I recognise that bugs in routers might allow the printer to be exposed unintentionally, and that is why I think it is important to make the login protocol more secure.

    However, there are developments that may make it easier to support TLS. The ESP8266 will eventually be supplanted by the ESP32 (we have a sample already). Also, there are now even more powerful embedded processors available than the one we use on the Duet WiFi, at very little extra cost. So even if we can't implement TLS on the existing board, we will on the next generation one.



  • Ah, hmm. Yeah, I didn't consider the relatively small scale. Powerful chips seem to be everywhere these days. Even my IoT light switches run Linux, but D-Link sell huge amounts of those.



  • Yes but that's where the Cape/Shield idea currently makes sense. You can leverage the low pricing of a RPI/BeagleBone/whatever and drop the necessary supporting hardware right on top in the form of a Cape.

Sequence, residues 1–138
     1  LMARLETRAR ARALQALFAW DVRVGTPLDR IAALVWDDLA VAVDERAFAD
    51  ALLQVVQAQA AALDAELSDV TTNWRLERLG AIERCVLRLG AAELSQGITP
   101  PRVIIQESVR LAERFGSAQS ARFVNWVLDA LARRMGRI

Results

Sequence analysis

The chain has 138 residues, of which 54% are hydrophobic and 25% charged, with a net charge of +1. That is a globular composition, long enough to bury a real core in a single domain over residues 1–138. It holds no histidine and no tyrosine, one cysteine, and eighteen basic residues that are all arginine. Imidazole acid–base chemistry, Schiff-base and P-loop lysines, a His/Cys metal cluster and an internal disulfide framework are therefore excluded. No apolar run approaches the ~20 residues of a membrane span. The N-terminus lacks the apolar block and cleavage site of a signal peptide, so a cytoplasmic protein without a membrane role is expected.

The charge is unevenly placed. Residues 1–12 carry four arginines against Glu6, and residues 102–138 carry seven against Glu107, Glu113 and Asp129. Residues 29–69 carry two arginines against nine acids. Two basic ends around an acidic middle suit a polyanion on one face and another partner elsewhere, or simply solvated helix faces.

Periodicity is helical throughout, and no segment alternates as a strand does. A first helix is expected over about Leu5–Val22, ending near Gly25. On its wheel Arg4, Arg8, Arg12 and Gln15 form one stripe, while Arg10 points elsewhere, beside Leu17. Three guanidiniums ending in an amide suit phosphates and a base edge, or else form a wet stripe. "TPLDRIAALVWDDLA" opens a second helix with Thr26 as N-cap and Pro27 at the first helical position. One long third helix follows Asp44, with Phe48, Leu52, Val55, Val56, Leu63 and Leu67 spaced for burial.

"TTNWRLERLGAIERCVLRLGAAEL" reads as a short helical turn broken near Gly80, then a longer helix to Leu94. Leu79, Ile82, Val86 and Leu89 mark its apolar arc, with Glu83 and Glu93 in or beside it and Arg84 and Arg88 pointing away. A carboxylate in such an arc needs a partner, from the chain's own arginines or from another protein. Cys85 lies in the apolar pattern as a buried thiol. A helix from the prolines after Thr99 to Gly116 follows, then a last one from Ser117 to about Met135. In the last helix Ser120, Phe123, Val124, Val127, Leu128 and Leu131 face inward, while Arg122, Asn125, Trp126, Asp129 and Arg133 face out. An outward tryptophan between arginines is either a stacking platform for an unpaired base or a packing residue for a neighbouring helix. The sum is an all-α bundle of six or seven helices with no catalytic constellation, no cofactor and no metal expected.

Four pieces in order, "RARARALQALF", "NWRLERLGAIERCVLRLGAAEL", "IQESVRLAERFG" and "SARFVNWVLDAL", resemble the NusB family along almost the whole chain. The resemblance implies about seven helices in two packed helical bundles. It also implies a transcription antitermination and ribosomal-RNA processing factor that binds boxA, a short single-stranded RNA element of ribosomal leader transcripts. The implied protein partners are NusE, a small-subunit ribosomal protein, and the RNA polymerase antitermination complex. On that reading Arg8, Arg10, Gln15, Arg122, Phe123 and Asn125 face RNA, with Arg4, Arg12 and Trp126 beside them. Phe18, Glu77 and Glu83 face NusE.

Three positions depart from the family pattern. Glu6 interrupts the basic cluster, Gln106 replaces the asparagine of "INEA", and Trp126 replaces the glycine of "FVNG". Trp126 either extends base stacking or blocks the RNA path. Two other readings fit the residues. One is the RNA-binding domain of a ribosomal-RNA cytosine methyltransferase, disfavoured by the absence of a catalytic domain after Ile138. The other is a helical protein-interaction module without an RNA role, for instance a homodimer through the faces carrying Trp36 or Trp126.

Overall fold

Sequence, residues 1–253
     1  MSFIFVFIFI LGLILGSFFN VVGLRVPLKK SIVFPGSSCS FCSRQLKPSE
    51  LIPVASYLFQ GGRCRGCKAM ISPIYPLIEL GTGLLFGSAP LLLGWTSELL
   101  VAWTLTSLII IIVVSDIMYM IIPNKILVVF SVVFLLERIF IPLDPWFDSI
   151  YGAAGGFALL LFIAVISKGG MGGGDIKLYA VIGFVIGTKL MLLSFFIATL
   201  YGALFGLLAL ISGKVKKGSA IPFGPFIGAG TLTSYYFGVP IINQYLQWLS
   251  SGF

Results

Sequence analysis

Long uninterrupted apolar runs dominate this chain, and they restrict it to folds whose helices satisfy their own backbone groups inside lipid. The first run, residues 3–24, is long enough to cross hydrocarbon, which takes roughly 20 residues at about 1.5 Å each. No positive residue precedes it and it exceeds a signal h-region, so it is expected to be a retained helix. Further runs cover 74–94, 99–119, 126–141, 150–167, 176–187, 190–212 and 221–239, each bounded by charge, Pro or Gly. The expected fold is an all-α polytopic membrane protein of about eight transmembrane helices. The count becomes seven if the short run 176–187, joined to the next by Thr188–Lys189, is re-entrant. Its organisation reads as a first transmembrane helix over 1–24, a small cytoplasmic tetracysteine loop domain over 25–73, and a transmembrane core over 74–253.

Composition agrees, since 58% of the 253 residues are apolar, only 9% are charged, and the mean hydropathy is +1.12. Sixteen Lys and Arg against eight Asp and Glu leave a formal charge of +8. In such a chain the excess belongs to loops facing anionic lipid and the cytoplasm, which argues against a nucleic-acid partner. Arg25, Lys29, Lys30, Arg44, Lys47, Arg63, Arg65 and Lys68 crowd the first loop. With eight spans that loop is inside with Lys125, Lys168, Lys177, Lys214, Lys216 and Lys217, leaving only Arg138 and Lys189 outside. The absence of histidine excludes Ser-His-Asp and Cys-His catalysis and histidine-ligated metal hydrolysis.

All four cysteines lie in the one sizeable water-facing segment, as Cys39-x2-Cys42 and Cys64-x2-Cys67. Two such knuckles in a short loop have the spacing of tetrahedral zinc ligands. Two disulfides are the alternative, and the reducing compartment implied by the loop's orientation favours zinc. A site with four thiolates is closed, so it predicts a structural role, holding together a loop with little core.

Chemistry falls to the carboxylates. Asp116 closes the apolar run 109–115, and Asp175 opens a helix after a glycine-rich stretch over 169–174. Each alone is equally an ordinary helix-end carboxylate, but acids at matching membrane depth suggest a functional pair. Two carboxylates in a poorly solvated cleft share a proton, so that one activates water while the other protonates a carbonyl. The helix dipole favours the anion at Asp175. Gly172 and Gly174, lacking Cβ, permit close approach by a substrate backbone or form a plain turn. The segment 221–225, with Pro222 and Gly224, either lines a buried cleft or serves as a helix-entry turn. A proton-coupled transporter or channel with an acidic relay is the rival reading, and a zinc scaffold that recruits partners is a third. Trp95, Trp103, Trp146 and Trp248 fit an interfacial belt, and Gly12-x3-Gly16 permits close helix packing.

MachineKit with CRAMPS is halfway there, but there doesn't seem to have been much progress made in the form of a decent web based interface or useful things like delta auto calibration. Currently it's more of a platform for someone to build upon.



  • Passwords without encryption do not improve security substantially (*). It's easy - as in, "just download wireshark" - to watch all the traffic to a printer you want to mess with, as long as you're on the same WiFi network. And since people so often reuse passwords, such a system is likely to let attackers break into other systems that do have security. It's TLS or nothing. Or, I suppose, a dedicated symmetric-keys-only TCP connection to a server that forwards web requests. Personally I'm happy with letting anyone on my WiFi network access my printer; if I want to control it from elsewhere I can use SSH tunneling.

    The Duet WiFi is already an MCU doing the heavy lifting of robot control, communicating through a specified custom protocol with a coprocessor that handles the network stuff. (Over SPI, I think?) Is there any reason the coprocessor couldn't just be a Raspberry Pi? That's how Octoprint works, except that the USB connection they use to connect the Pi to the printer is a terrible setup using a bad protocol. But the Pi has SPI, and it's probably easier to teach a Pi to talk a custom protocol to a Duet than it is to run a secure web server on the Duet.